The United States declared war on Germany 100 years ago this month, on April 6, 1917, joining the side of the Allies in the Great War. See all the countries caught up in the conflict in our timeline of World War I war declarations.
More than 650,000 from Canada and Newfoundland and about 4 million from the United States served in the military. These are two of the US Expeditionary Force soldiers in my family:
On the left is Joe Seeger, who enlisted September 1917; and on the right is his brother Norbert (with their father), who enlisted July 1918.
Loss of WWI Service Records in NPRC Fire
When you go to research your WWI ancestors’ military service, you’ll make a sad discovery: More than 80 percent of US Army service records for those discharged between Nov. 1, 1912 and Jan. 1, 1960 (which includes WWI soldiers) were destroyed in a 1973 fire at the National Archives’ National Personnel Records Center in St. Louis. (You can request surviving WWI service records following these instructions.)
But there are other ways to trace your ancestor’s WWI service, including:
1. Draft Registration Cards
More than 24 million men (including immigrants who hadn’t naturalized) registered for the draft in 1917 and 1918, although not all of them served. These are widely available on genealogy websites like Ancestry.com and FamilySearch.
2. State Adjutant General Rosters
Most states issued a roster of soldiers in World War I. Both Joe and Norbert are listed in The Official Roster of Ohio Soldiers, Sailors and Marines in the World War, 1917-18, on Ancestry.com as Ohio Soldiers in WWI, 1917-1918.
3. WWI Transport Service Records
Fold3 just published this collection of passenger lists of military transport ships. Norbert was listed with Supply Co. 336, leaving New York City Oct 27, 1918, and arriving in Liverpool Nov. 8. I had to scroll through the records to find a page with a date and ports.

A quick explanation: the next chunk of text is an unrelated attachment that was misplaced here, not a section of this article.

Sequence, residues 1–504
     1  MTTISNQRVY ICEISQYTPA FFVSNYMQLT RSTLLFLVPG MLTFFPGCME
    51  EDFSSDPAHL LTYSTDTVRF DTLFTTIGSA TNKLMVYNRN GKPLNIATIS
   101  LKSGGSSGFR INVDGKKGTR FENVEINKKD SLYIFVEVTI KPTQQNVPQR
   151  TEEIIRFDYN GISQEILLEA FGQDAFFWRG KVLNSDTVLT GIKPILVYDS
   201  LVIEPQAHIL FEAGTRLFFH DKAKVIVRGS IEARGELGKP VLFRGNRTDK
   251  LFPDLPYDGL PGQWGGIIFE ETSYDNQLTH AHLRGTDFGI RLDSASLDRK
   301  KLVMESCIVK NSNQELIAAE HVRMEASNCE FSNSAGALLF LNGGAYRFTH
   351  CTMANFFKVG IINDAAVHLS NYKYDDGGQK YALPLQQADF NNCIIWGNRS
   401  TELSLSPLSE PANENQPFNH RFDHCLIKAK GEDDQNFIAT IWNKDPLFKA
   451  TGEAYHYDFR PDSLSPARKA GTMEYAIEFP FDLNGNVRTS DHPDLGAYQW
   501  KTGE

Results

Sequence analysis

He was on another ship Nov. 11, but I can’t find a page noting where it took him. His last transport took him home: The USS Orizaba departed Brest, France, July 29, 1919, and arrived at Newport News, Va., Aug. 6.
4. Discharge Papers
Most discharged service members registered with their local courthouses on return to their communities. I can’t find my WWI servicemen among the veteran discharges in FamilySearch’s records for Hamilton County, Ohio, so here’s the record for another man:
5. Veterans Surveys
Many communities asked local veterans to complete surveys about their service in the World War. My cousin three times removed Louis E. Thoss filled out this one for the Kentucky Council of Defense (it’s now part of the Kenton County Public Library’s genealogy database).
The US Army Military History Institute also has a collection of WWI veterans questionnaires completed in the late 1970s, along with photos, letters, memoirs and other materials.
6. Military Headstone Application
When Joe died in 1941, his sister applied for a military headstone based on his WWI service. These are on National Archives microfilm, and digitized on Ancestry.com.
You’ll find more ways to research your World War I ancestors in these articles:
- Top 10 websites for WWI research, in the July/August 2014 Family Tree Magazine digital issue (this includes those who fought for Great Britain and Canada)
- World War I online military records in the March/April 2017 Family Tree Magazine digital issue (focuses on US involvement)
- Tracing World War I Women downloadable genealogy guide